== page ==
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Christie’s science sale goes from Astrolabes to the Apple-1


An upcoming auction at Christie’s will span centuries of scientific discovery, from 18th century astrolabes to the Apple-1 computer.
The auction will offer scientific artefacts alongside natural history specimens dating back millions of years, and manuscripts, artworks and photographs documenting the earliest days of global exploration.

Leading the sale is an original Apple-1 computer, built in 1976 by Steve Jobs and Steve Wozniak in the tiny Palo Alto garage where they founded the world’s biggest corporation.

Having built and sold approximately 200 Apple-1 computers, Jobs and Wozniak then encouraged customers to trade them in a year later for a discount on the much-improved Apple-2. Those that were returned were destroyed, leaving just 66 examples that are known to have survived to this day, with many owned by institutions such as the Smithsonian.

This example was bought in 1977 by Joe Torzewski, later the founder of the Apple-1 Owner’s Club, for the original retail price of $666.66, and includes the highly rare original owner’s manual. Having then been acquired by the present owner in 2004, it will now cross the block at Christie’s with an estimate of £150,000-£250,000 ($213,150-$355,250).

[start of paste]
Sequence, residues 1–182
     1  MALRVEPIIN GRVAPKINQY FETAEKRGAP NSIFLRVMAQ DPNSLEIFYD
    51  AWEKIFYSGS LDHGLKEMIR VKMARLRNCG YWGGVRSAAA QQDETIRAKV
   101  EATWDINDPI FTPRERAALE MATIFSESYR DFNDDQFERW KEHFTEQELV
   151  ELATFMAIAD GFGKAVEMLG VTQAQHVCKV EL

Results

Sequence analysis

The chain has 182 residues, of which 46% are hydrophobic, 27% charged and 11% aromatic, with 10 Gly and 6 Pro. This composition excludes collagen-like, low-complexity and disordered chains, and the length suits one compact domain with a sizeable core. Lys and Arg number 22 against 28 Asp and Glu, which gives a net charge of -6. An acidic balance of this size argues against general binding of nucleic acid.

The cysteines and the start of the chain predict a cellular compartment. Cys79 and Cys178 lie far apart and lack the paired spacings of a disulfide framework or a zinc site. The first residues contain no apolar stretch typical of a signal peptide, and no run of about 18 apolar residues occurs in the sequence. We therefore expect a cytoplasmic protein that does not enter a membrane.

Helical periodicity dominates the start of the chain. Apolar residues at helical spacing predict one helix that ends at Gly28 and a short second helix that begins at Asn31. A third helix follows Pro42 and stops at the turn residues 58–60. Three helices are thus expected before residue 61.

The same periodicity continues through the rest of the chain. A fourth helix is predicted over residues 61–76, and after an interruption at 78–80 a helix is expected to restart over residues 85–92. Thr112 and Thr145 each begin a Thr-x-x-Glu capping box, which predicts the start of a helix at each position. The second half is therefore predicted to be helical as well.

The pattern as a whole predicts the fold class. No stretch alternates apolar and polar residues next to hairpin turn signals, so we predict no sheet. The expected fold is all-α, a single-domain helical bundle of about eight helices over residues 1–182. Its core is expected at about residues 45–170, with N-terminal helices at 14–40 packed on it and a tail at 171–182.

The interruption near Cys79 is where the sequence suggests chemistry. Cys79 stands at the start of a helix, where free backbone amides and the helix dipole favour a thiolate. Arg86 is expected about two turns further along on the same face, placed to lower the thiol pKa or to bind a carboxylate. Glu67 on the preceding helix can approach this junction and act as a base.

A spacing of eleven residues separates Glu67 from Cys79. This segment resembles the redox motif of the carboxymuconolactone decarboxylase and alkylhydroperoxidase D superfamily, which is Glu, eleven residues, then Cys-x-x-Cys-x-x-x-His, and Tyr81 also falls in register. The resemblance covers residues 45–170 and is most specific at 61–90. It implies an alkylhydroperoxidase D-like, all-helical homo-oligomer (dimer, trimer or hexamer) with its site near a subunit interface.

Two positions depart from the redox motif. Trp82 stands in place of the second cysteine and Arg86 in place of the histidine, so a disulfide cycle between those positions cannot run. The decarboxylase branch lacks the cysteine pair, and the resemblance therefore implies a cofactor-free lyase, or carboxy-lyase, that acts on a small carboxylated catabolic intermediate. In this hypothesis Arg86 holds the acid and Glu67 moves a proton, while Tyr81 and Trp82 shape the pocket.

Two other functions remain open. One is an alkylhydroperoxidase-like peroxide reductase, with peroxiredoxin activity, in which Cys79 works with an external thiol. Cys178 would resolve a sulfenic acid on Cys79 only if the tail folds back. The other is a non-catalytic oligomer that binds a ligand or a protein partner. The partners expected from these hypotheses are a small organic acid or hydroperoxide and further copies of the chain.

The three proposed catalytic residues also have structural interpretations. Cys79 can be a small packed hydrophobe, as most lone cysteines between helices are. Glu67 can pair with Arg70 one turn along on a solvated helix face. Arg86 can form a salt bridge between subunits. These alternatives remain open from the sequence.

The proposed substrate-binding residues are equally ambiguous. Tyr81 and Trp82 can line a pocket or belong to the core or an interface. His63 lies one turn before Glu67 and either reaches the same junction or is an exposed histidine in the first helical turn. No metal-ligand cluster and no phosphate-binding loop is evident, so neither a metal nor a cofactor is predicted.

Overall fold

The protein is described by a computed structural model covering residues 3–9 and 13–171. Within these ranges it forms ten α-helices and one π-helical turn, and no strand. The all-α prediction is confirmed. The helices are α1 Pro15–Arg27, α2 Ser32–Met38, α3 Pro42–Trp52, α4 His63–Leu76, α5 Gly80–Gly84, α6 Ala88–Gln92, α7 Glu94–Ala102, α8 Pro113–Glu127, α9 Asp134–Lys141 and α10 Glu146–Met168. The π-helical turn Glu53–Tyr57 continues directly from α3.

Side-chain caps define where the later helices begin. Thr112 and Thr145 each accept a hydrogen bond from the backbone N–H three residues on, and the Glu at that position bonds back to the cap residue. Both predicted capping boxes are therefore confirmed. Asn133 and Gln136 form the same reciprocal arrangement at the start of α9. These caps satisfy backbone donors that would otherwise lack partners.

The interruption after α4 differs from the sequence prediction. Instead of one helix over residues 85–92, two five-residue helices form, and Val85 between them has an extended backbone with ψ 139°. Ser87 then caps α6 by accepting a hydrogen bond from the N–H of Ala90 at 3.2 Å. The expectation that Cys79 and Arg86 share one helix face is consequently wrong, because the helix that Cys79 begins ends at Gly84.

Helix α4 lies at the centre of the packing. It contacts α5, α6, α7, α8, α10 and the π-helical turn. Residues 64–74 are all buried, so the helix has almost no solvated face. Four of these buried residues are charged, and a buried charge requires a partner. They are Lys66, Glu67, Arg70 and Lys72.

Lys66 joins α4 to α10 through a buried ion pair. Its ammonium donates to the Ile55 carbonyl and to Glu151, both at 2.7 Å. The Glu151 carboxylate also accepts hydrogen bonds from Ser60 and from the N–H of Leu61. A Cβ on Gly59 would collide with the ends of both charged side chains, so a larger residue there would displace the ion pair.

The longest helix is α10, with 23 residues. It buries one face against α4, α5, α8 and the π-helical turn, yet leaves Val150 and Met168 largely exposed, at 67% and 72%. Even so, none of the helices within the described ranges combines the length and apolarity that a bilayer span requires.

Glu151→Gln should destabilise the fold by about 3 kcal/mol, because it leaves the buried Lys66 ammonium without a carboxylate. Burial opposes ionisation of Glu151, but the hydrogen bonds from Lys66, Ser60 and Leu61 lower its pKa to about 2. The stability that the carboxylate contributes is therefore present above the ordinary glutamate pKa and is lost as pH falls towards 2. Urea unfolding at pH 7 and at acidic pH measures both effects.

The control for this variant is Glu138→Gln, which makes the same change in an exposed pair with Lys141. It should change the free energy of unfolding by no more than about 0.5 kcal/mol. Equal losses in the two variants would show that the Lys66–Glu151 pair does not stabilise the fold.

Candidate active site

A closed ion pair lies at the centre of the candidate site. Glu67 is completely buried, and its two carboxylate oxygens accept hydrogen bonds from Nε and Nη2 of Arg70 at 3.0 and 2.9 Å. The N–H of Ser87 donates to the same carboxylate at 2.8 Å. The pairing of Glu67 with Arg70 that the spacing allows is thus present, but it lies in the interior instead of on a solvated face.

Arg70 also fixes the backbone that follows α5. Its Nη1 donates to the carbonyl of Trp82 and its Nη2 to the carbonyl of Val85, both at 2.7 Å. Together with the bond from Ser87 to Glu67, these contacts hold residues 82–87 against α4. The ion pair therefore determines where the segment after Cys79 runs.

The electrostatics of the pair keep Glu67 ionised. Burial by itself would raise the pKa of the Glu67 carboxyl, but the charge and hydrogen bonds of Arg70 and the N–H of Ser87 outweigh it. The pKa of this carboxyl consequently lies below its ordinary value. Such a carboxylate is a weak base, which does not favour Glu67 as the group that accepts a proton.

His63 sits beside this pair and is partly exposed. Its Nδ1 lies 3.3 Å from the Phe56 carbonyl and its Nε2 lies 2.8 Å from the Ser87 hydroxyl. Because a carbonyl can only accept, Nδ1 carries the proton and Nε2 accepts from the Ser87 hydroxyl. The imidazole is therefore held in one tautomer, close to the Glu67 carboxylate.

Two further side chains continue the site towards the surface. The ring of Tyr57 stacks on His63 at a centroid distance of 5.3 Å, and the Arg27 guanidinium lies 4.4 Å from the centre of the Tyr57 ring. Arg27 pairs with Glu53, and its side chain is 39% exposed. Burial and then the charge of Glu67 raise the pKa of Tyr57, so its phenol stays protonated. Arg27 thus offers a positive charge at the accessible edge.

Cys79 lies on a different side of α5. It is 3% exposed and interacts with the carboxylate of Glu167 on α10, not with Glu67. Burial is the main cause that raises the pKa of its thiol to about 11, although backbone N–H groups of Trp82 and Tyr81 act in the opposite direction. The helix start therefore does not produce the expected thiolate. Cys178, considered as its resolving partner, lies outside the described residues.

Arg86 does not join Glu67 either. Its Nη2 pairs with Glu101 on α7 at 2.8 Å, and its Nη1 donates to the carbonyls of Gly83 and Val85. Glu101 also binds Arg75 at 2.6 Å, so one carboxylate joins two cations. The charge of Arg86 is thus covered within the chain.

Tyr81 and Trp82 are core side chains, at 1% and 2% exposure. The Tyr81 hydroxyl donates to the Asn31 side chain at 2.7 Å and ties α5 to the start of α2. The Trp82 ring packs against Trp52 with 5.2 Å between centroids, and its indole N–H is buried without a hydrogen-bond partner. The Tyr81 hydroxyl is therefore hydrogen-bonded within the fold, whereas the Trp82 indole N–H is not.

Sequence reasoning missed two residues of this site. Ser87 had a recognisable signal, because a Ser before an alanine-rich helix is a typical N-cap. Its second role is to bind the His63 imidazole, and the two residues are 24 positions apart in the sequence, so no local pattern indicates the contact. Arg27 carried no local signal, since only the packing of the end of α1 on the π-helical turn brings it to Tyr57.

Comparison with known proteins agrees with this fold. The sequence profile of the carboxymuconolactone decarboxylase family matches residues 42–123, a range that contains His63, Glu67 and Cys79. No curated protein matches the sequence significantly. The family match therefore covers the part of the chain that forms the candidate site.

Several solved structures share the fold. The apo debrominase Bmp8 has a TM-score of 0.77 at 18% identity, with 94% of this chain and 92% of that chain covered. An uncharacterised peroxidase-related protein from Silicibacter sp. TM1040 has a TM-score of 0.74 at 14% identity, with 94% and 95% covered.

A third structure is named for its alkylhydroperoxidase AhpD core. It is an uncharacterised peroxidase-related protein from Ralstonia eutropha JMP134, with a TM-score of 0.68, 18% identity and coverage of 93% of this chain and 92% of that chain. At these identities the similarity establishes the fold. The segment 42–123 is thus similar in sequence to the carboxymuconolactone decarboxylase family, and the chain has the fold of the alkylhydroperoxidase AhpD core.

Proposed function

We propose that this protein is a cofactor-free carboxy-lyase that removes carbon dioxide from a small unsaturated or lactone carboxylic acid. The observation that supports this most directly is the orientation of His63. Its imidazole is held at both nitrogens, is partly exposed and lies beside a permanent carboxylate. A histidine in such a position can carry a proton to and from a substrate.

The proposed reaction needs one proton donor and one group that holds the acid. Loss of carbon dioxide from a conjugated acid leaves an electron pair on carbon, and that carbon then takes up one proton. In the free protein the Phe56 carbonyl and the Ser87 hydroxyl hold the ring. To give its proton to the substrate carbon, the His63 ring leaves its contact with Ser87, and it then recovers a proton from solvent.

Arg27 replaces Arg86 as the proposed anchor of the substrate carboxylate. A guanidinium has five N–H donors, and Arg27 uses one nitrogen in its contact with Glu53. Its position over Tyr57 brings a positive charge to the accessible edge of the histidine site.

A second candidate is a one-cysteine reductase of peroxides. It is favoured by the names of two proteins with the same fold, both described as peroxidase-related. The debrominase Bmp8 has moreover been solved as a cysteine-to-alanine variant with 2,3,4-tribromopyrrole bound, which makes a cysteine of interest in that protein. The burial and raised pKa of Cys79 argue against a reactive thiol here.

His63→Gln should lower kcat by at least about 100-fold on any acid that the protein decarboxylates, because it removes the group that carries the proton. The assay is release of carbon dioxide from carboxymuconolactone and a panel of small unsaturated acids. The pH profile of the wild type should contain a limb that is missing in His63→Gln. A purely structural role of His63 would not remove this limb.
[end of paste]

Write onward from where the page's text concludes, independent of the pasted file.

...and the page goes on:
At the other end of the spectrum is an 18th century astrolabe – essentially an analogue celestial computer used for measuring time, altitude and triangulating location using the movement of the sun, moon and stars. This highly decorative and finely engraved example is as much a work of art as a scientific instrument, and is valued at £60,000-£100,000 ($85,260-$142,100).

Further scientific objects of interest will include a George III orrery, built by W & S JONES of London in 1794, estimated at £8,000-£10,000 ($11,368-$14,210); and a rare set of apparatus designed by James Ferguson in 1800 to demonstrate the principles of Newtonian mechanics, valued at £15,000-£25,000 ($21,315-$35,525).

Elsewhere the sale includes everything from 50 million-year-old giant fossilised palm fronds and iridescent ammonites, to Napoleonic-era naval engineering plans and mid-18th century English table globes.

The Christie’s Travel, Science and Natural History sale takes place in London on April 21.


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